From Tiny Books to Chunky Books

You may recall A Tiny Post on Some Tiny Books that we shared last October, when we acquired three tiny books, one each on salads, sandwiches, and chafing dish recipes. The post ended with a note about the elusive 4th volume in the quartet, The Tiny Book on Cocktails. I’m happy to report that it took a couple of months, but we’ve had success…sort of. Each of the four volumes were published individually in 1905, but finding a copy of The Tiny Book on Cocktails is tricky, as they are few and far between. However, we were able to purchase a rare version of all four books, published together, alternately titled, The Chunky Book.

The Chunky Book spine
The Chunky Book spine
The Chunky Book front cover. The book used to have a strap.
The Chunky Book front cover. The book used to have a strap.
The Chunky Book side view. Yes, it really is chunky!
The Chunky Book side view. Yes, it really is chunky!

The majority of The Chunky Book consists of the three volumes we already have (The Tiny Book on Salads, The Tiny Book on Sandwiches, and The Tiny Book on Chafing Dishes), each one divided by a few blank pages. The last part, however, is our new addition: The Tiny Book on Cocktails. There are some that may seem familiar, some that are forgotten in today’s modern cocktail age, and some that just make you wonder. There’s a table of contents and a short introduction on cocktails and ingredients, with the following note: “A cocktail should never be bottled and should always be made at the time of drinking. A bottled cocktail might be likened unto a depot sandwich–neither are fit for use except in cases of necessity.” While not a unique perspective, it makes an interesting contrast to the work of some other early cocktail book authors, who often have recipes for bottling mixes.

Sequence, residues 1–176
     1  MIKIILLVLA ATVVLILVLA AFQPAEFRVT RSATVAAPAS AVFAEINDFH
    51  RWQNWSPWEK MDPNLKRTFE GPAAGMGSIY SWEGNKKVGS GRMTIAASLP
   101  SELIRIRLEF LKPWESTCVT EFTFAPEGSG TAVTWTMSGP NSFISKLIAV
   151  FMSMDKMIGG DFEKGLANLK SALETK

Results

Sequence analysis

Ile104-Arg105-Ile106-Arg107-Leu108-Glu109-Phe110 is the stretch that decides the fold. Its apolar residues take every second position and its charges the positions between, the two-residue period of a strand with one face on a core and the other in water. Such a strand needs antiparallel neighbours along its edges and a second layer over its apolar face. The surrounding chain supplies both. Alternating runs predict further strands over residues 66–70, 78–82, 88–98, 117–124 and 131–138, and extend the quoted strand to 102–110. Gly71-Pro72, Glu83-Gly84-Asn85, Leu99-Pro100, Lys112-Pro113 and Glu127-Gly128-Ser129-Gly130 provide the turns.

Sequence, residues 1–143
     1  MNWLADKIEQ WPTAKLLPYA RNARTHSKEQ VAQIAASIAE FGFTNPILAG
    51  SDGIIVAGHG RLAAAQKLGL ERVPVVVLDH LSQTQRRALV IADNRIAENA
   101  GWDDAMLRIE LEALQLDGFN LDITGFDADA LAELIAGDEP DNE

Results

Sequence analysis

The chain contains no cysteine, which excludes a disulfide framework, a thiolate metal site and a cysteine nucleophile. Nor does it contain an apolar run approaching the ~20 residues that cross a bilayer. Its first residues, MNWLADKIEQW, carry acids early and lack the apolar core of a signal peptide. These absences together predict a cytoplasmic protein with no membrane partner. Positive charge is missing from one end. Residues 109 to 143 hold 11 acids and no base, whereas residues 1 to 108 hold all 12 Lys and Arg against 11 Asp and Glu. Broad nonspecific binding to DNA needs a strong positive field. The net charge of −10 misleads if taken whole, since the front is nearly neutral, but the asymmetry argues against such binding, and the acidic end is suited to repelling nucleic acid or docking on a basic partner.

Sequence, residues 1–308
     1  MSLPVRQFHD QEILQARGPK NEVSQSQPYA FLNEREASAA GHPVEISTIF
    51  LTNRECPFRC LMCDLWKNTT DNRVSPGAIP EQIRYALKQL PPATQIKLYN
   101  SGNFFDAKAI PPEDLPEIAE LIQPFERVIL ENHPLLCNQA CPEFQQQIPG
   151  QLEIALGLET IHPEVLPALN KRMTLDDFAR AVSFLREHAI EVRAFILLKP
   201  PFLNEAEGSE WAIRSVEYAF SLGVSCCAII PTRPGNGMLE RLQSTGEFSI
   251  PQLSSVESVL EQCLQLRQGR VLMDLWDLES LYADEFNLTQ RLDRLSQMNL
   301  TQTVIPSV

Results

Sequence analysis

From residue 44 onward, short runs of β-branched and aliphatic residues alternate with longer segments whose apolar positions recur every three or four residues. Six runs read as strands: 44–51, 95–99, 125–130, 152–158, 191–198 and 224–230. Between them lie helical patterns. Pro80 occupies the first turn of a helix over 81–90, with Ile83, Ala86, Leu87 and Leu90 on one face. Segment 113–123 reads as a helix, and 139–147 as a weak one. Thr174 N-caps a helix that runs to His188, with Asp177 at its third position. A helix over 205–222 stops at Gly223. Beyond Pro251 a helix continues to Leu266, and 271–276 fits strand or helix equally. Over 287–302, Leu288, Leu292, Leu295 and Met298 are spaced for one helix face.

If you were to spend a little more time looking through the recipes, you’ll notice a trend of certain ingredients, namely gin, whiskey, and brandy, along with wine-based aperitifs, bitters, and lemon peel. Lots of lemon peel. There are other, more unique ingredients–specific types of rum or liqueurs, for example–but gin, whiskey, and brandy were at the core of cocktail culture in early 20th century America, so we shouldn’t be surprised. (Rum was gaining ground, but vodka was still decades away from filling the American market and glass.)

In any case, The Chunky Book makes for fun perusing, if you’d like to stop by and swap sandwich, salad, hot dish, OR cocktail recipes. And until next week, cheers and eat well!

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2 thoughts on “From Tiny Books to Chunky Books

  1. Pingback: The great big world of miniature books | Special Collections@Virginia Tech

  2. Pingback: Need a New Years’ Eve/Day Candy Rush? | What's Cookin' @ Special Collections?!

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